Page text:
by University of Göttingen, Nov 15, 2022 in ScienceDaily
Why are there more plant species in some places than in others? Why is diversity highest in the tropics? What is the connection between biodiversity and environmental conditions? To help answer these questions, an international team led by researchers at the University of Göttingen has reconstructed the distribution of plant diversity around the world and made high-resolution predictions of where and how many plant species there are. This will support conservation efforts, help to protect plant diversity and assess changes in the light of the ongoing biodiversity and climate crises. Their research was published in New Phytologist.
Based on a unique global dataset of 830 regional floras and the distribution of 300,000 plant species compiled at the University of Göttingen over ten years, researchers modelled the relationship between plant diversity and environmental conditions using modern machine learning techniques. By incorporating the relatedness of the species to each other, they were able to take into account the evolutionary history of plants occurring in each geographic region. The models were then used to predict plant diversity continuously around the world considering past and present geographic and climatic conditions.
by Paul Berth, March 22, 2019 in ScienceClimatEnergie
Contrary to what the media tries to make you believe, global climate change is not a major cause of species extinction. A recent study published in March 2019 in Frontiers in Ecology and the Environment shows that the major cause of extinction is the introduction of invasive alien species (IAS) into ecosystems. This phenomenon, well known to biologists and confirmed by the IUCN (International Union for the Conservation of Nature), is unfortunately little known to the general public.
Figure 1. Number of recent animal extinctions (IUCN categories “extinct” [EX] and “extinct in the wild” [EW]) for different groups of animals (figures from IUCN Table 3a). The colors provide information on the causes of the extinctions (“Driver”); for example dark purple is used for IAS (“Alien”), extinctions caused by local species (“Native”) are light purple. The category “Neither” includes other causes of extinction or unknown causes (source, Blackburn et al., 2019).
by University College London, March 3, 2019 in WUWT
Alien species are the main driver of recent extinctions in both animals and plants, according to a new study by UCL researchers.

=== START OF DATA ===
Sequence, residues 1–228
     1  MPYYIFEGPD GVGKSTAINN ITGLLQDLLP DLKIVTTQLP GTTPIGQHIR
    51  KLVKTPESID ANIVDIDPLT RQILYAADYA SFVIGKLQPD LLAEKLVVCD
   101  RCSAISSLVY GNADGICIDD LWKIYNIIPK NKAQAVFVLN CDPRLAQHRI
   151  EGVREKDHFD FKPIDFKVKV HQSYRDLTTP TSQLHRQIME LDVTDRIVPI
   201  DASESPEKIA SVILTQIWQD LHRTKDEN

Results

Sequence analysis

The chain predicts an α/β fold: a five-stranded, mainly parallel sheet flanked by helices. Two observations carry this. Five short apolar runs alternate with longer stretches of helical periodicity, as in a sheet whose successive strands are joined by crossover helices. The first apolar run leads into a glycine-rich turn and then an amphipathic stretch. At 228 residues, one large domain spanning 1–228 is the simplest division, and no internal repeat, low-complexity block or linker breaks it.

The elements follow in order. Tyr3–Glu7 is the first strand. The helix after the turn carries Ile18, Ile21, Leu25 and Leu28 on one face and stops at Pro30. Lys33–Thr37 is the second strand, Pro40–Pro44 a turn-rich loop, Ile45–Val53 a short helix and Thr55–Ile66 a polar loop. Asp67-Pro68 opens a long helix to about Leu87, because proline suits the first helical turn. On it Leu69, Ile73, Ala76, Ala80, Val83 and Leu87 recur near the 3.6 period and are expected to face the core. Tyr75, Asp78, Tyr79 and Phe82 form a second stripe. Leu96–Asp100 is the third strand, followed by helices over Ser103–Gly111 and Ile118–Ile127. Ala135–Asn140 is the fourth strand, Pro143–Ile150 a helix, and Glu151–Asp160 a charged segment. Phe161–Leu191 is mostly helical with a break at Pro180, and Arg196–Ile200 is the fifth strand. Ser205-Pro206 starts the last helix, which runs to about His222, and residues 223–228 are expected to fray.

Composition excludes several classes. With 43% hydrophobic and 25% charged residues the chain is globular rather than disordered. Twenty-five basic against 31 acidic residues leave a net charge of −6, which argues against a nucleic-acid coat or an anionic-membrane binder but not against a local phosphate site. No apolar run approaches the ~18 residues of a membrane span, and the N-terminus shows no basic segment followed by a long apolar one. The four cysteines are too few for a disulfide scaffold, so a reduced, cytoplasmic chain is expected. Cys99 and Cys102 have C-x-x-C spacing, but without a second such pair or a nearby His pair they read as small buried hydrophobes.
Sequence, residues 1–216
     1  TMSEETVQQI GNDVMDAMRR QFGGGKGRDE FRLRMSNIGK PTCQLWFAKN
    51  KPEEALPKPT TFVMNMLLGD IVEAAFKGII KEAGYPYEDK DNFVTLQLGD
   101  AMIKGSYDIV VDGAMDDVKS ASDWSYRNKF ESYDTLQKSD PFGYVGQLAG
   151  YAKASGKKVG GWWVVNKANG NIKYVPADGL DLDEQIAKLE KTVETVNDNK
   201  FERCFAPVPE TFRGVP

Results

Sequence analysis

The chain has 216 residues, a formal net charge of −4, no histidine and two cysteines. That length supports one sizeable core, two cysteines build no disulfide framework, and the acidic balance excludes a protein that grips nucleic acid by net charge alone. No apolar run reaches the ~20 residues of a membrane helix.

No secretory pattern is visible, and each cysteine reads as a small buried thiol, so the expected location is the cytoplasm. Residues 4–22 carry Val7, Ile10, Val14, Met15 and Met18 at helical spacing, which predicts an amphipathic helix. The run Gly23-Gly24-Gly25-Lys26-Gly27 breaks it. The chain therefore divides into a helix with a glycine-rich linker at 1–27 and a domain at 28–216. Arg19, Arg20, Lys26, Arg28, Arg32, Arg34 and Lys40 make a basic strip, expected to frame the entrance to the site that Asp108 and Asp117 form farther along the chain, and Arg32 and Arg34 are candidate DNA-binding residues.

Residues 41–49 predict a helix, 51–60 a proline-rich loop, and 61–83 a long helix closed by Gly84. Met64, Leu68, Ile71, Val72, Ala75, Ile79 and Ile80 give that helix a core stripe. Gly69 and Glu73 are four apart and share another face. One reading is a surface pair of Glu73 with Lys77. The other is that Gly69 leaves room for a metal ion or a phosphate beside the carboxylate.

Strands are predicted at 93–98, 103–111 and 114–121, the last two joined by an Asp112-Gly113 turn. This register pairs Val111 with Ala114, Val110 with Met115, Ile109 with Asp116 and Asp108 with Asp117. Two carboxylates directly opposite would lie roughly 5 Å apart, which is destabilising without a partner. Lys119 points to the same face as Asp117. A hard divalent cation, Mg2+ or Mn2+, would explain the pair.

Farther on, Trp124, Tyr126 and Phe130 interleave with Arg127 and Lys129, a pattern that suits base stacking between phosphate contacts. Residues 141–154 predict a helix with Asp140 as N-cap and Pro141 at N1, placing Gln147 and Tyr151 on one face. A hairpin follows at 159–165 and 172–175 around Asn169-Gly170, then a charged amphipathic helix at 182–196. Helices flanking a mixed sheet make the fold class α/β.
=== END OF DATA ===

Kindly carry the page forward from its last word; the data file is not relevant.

They found that since 1500, alien species have been solely responsible for 126 extinctions, 13% of the total number studied.
Of 953 global extinctions, 300 happened in some part because of alien species, and of those 300, 42% had alien species alone listed as the cause of their demise.
The study, published today in Frontiers in Ecology and the Environment, used data from the 2017 IUCN Red List on the total numbers of species that are considered to have gone extinct globally since 1500.
In total, 261 out of 782 animal species (33.4%) and 39 out of 153 plant species (25.5%) listed aliens as one of their extinction drivers. In contrast, native species impacts were associated with only 2.7% of animal extinctions and 4.6% of plant extinctions.
by Prof. Chris D. Thomas, July 10, 2017 in TheConversation
Animals and plants are seemingly disappearing faster than at any time since the dinosaurs died out, 66m years ago. The death knell tolls for life on Earth. Rhinos will soon be gone unless we defend them, Mexico’s final few Vaquita porpoises are drowning in fishing nets, and in America, Franklin trees survive only in parks and gardens.
Yet the survivors are taking advantage of new opportunities created by humans. Many are spreading into new parts of the world, adapting to new conditions, and even evolving into new species … (…)
by University of Chicago Press Journals, August 30, 2017 in ScienceDaily
To date, about 1.5 million species have been formally described in the scientific literature, most of them insects. Proportionally, bacteria comprise less than 1% of all described species.
In a new paper published in The Quarterly Review of Biology (September 2017), researchers from the University of Arizona have estimated that there are roughly 2 billion living species on Earth, over a thousand times more than the current number of described species.